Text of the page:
Press review

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Officials look to incentivise pharma to invest in Poland

WARSAW, Dec 15 (APM) - The Ministry of Development is working on new regulations to enable the acceleration of the reimbursement negotiations with the national health fund (NHF) for pharma companies paying taxes and investing in R&D facilities in Poland, reported Rzeczpospolita (pA5) on Tuesday.
Deputy development minister Jadwiga Emilewicz said officials appreciate that the pharma industry has the second highest spending on R&D, immediately after the defence industry and want to ensure that companies investing in Poland are properly rewarded. Furthermore, the Economic Committee will be assessing the possibility of allocating 17% of the NHF’s budget on support for innovations.

Legal expert says pricing system of post-transplant drugs could be improved

Juliusz Krzyzanowski, a legal expert from law firm Baker & McKenzie claims the system of grouping reimbursable post-transplant medications into price limit groups could be improved, reported Rzeczpospolita (pC5) on Tuesday.
According to the regulations, drugs included in one limit group should either have the same active ingredients or different active ingredients, but similar therapeutic effects and mechanisms. Each limit group has a reimbursement price cap, which is usually equal to the price of the cheapest drug, while the price differences for more expensive drugs need to be covered by patients.
The way the limit groups work has resulted in the price of the Valcyte suspension for children after transplant operations skyrocketing to 780 zlotys (185 euros), which raised an outcry among parents. However, deputy health minister Marcin Czech said the officials cannot create a new limit group for the drug, as this would be in conflict with the regulations.
Krzyzanowski claims the biggest issue is that the criteria for creating new limit groups or adding new drugs to the existing groups are not entirely clear and that perhaps, instead of creating very big groups, the officials should review the existing groups, reorganise and split them into more manageable and appropriate groups to prevent such cases as that with Valcyte from occurring.

Anti-vaccination movements are becoming stronger

Anti-vaccination movements are growing in strength and coordinating activities at international level, reported Dziennik Gazeta Prawna (pA4) on Wednesday.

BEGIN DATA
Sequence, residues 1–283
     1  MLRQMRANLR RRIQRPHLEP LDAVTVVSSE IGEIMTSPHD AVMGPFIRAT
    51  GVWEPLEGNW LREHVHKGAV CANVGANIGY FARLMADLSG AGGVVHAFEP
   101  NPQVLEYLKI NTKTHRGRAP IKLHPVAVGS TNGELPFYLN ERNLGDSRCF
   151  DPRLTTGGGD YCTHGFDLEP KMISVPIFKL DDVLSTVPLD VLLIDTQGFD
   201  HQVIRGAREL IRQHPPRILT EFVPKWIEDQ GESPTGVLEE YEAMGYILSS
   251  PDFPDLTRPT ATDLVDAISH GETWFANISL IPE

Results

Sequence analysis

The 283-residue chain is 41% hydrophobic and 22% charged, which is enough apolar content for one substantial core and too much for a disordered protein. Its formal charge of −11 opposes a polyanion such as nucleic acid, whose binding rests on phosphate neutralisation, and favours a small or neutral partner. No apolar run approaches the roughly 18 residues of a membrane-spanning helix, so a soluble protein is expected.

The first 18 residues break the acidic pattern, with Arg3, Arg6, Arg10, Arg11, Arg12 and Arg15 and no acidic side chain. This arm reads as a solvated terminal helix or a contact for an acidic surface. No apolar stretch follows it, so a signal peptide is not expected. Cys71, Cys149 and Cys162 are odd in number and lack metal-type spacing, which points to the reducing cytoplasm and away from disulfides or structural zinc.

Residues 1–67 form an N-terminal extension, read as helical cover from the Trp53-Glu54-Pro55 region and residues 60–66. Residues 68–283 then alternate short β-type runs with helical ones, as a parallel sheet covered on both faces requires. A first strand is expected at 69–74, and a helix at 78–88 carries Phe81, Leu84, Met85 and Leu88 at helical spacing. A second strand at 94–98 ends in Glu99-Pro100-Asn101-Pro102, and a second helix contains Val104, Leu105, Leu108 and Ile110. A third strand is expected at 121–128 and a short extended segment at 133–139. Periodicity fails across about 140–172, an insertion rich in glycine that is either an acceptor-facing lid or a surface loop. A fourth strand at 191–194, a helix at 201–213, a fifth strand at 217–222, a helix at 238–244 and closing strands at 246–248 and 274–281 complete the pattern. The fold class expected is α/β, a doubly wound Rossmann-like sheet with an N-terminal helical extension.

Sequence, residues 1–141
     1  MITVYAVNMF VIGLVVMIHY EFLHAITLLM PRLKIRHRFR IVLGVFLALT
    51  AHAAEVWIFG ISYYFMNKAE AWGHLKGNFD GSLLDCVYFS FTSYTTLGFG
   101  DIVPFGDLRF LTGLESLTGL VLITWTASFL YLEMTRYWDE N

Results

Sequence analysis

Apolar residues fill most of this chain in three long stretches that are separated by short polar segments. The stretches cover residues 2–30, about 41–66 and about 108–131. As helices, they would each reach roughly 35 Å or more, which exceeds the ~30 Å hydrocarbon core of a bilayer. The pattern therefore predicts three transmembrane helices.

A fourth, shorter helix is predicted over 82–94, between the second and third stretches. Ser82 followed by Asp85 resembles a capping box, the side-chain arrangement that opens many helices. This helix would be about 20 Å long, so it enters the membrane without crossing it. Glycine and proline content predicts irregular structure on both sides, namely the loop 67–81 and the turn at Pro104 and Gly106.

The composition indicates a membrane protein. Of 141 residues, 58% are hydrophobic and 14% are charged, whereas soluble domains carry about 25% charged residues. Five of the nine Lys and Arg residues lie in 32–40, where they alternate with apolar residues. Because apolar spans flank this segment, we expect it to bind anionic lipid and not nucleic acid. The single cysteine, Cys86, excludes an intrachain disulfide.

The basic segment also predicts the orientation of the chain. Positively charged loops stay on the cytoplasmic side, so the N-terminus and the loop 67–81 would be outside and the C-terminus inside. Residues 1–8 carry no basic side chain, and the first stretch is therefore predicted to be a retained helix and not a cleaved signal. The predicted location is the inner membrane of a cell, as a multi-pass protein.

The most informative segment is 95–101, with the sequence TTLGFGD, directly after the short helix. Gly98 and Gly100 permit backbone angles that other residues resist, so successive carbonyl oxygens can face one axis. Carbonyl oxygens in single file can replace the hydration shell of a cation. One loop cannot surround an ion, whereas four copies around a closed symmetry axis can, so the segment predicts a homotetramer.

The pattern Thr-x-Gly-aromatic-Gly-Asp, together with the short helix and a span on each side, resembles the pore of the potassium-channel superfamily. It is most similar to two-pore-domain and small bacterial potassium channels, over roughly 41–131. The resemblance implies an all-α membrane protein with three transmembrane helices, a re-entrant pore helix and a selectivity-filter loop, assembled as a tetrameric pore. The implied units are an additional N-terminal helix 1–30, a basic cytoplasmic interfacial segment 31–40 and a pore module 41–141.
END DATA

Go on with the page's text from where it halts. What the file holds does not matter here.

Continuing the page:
The Polish STOP NOP anti-vaccination organisation organises protests against obligatory vaccinations for children domestically and plans to expand to other countries with the help of similar organisations from France, the UK and Italy.
Its members claim their objective is not to antagonise parents against all vaccinations, but to make them non-obligatory and create a reliable system of reporting complications caused by vaccines, while forcing the officials to set up special funds for compensating the victims of such complications.
Health experts say these trends could be dangerous, as the percentage of the vaccinated population in many countries is dropping below the 95% level recommended by the World Health Organization. This is resulting, for instance, in a sharp increase in the number of measles cases in Europe, which has already soared from 1,600 in 2016 to 15,500 in 2017.

Celon Pharma starts new clinical trials

Celon Pharma is starting clinical trials of esketamine in drug-resistant depression therapy, reports Parkiet Gazeta Gieldy (p5) on Friday.
Maciek Wieczorek, Celon Pharma’s CEO, said the company’s only competitor is Johnson & Johnson, which has reached Phase III.
He added that global sales of esketamine in drug-resistant depression could be as high as $3 billion per year, while Celon Pharma’s advantage over Johnson & Johnson is that its drug is an inhalant, which is more convenient for patients and enables more precise control of dosages. Wieczorek believes his company could launch the drug within four to five years.
Celon Pharma’s most important drug is currently Salmex, a generic used in asthma. Salmex is sold primarily in Poland and several smaller markets, but the company intends to launch it in Denmark, Sweden, Norway, Finland and Iceland in the first half of 2018.

Celon Pharma receives R&D funding

Celon Pharma will receive grants of 49.4 million zlotys (11.7 million euros) for the development of two innovative projects from the National Centre for Research and Development, reported Parkiet Gazeta Gieldy (p6) on Thursday.
The first project applies to the pre-clinical and clinical development of an innovative GPR40 receptor agonist in type II diabetes treatment, while the second project applies to the establishment of a platform for developing biosimilars and the pre-clinical and clinical development of a biosimilar based on Fab fragment.
The total cost of these two projects is estimated at 77.6 million zlotys (18.4 million euros).

Teva sheds staff

Teva, an Israeli pharma company employing 1,500 people in Poland, is restructuring its business and intends to dismiss at least 14,000 people globally, reports Puls Biznesu (p9) on Friday.
The company became the world’s largest generics producer. After its 2016 acquisition of Allergan’s drugs portfolio for $40.5 billion, its level of debt rose to 200% of its market capitalisation. That restructuring is expected to reduce this level of debt and bring the company savings of $3 billion per year.
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